Everything You Ever Wanted to Know About Shodo

Ok, maybe not ‘everything.’ Musouka left a nice comment on my last post about World Domination. It was a question about how to use the Shodo set bought from our online Japanese bookstore.

Here is a brief history and definition. I wish I could go in to it more, but the truth is, I don’t do shodo. I’ve tried it in the past, but I am just not that skilled. Shodo is an art form that requires patience (I lack that) and hand-writing skill (I most definitely lack that) – Oh, and lots of paper (that I can manage).

What is it?
Shodo 書道 shodou is Japanese calligraphy dating back at least 1500 years. Essentially, shodo is writing Japanese kanji and Chinese characters on special Japanese paper called 和紙 washi [和 wa Japanese 紙 shi paper] with a brush called 筆 fude.

Japanese Calligraphy - Shodo Set sold at TheJapanShop.com

* Suzuri: place where you mix the sumi with water and it holds the ink
* Sumi: Solid black ink that you rub in water on the Suzuri to make the liquid ink
* Shodoueki: already ready ink in liquid form. (If you don’t want to mess with the Sumi stick, here you go!)
* Mizusashi: just a container to squirt water into the suzuri when needed.
* Fude: Brush. The smaller brush (kofude) is used for writing your name and the larger brush is used for drawing the *characters.
* Bunchin: Heavy metal stick used to hold paper steady while writing.
* Shitajiki: Black, soft mat to lay under the paper

The beginning of this video shows how to mix the ink using the sumi on the suzuri.

Check out MoutainGaijin’s other videos. Very neat.

For more on the history of Shodo, check out Wikipedia’s entry.

My First Step to World Domination

I have reservations about titling a post, “My First Step to World Domination”, but as mentioned in a previous post, my first step to world domination would be to get 500 subscribers to our Youtube page. Today we’ve accomplished this first step.

I’m catching up with geriatric1927 and his 45,156 subscribers. 🙂

A TJPer last week made an excellent suggestion to improve our kanji pages. He suggested trashing the Quicktime animations we currently have and make mini Youtube videos in their place. Not only would it work with nearly 100% of browsers, but it would increase traffic to and from Youtube.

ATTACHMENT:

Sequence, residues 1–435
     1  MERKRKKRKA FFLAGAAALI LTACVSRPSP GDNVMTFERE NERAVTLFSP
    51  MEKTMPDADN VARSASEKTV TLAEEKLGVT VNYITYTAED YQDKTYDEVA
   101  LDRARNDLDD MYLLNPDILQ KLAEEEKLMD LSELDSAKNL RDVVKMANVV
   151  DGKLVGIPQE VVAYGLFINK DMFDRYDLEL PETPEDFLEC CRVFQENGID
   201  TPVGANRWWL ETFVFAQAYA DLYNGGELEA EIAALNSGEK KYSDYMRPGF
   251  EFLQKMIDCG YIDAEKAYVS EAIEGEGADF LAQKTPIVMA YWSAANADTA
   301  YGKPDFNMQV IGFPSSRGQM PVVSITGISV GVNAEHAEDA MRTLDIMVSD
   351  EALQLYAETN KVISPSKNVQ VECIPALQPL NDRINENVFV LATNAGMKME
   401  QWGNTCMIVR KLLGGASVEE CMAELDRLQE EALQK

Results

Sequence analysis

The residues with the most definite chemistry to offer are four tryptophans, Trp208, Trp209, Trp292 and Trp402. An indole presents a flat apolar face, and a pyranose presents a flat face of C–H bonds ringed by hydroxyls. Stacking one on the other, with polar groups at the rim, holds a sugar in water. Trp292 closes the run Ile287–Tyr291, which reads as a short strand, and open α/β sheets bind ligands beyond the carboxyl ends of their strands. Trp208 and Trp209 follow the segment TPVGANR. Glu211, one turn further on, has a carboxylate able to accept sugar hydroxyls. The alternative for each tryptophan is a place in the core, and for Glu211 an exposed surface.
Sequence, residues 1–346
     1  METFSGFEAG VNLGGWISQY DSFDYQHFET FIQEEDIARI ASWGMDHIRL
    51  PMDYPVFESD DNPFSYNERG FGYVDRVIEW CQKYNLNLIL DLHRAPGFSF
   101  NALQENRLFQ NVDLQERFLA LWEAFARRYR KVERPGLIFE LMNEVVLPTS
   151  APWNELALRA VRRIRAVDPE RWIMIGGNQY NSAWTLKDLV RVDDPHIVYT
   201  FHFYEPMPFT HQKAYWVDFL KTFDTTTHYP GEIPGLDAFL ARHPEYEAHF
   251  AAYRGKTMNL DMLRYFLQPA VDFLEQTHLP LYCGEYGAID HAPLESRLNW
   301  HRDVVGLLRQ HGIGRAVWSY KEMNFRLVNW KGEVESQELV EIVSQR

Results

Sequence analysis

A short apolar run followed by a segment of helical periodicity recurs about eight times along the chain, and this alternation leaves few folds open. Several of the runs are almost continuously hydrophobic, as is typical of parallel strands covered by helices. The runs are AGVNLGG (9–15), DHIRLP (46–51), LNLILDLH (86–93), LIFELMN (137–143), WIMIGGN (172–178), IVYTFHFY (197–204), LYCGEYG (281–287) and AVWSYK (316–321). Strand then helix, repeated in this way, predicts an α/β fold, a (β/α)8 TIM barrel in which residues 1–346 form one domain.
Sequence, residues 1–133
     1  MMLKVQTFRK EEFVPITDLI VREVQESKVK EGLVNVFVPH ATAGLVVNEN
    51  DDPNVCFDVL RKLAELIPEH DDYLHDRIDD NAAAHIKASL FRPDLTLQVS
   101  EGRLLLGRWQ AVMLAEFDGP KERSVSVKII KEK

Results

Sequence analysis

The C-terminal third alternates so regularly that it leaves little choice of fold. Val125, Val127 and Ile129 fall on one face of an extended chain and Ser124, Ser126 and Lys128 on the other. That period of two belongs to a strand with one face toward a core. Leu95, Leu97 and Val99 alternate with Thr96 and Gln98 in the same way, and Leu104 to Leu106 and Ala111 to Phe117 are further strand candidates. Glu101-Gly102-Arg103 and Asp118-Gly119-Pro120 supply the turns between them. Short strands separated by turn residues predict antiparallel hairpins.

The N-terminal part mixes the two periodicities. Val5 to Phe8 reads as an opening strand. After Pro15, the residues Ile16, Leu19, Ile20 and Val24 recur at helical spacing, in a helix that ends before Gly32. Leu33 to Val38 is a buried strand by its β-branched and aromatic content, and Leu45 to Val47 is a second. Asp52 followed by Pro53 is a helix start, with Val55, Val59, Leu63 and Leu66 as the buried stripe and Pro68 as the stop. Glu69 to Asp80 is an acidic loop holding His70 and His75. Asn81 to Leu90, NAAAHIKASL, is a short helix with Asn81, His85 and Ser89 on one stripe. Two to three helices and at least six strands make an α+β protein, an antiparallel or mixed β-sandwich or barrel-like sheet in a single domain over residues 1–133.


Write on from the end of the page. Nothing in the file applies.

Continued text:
I want to work on this idea and try to post a prototype kanji video possibly today.

Selling Houses…

As mentioned previously, Yumi and I are trying to fix up our house to sell it. (and then buy a bigger house) We’ve done a lot of work, but the more we do, the more it seems we have left to do.

This morning a friend emailed me a link to a site that could potentially help anyone buy or sell a house.

For sellers: Iggy’s House is a FREE service that lists your house on the MLS. (the MLS is a huge database of houses on the market) Usually this can only be done through a realtor. Iggy’s House acts like your realtor but charges you NOTHING. Gone is the 8% commission. I don’t mind paying someone to list the house and do a little advertising, but 8% is just a little too much. We pretty much decided to do a For Sale by Owner, but that would mean not getting on the MLS. Iggy’s House solves that problem at no cost.

For buyers: Iggy’s House’s sister site BuySide Realty is the opposite. It acts as your realtor when looking for a house. The neat thing is they pay YOU 75% of the commission they receive from the sale. That is a lot of money. I am not sure if I can do the math right – 数学できないんです – but if the commission is 4% (half of 8% split between BuySide and the realtor who listed the house) then a $300,000 house would result in a $12,000 commission. BuySide keeps 25% ($3,000) and the 75% goes to the buyer ($9,000).

I did a quick search to see about their reputation. It looks pretty good. Here is one BBS for realtors about Iggy’s. You can feel the fear in the realtor’s posts (that is good for consumers). Competition in a free market is good for everyone. It drives prices down for the consumer AND the seller. It isn’t fun (at first) for the seller (I certainly understand this with our store) but it is best for everyone – especially the consumer.

Anyway, I will report back about this after testing their services a little.

Die Angst

I am still officially on vacation from this blog, but while cleaning the house I found a dialog for a skit I wrote way back at the University for a German Klass. It was so silly and embarrassing, I thought I’d make it public by posting it here.

It is called ‘Die Angst’ which means ‘the Fear.’ Here is the prologue (In English):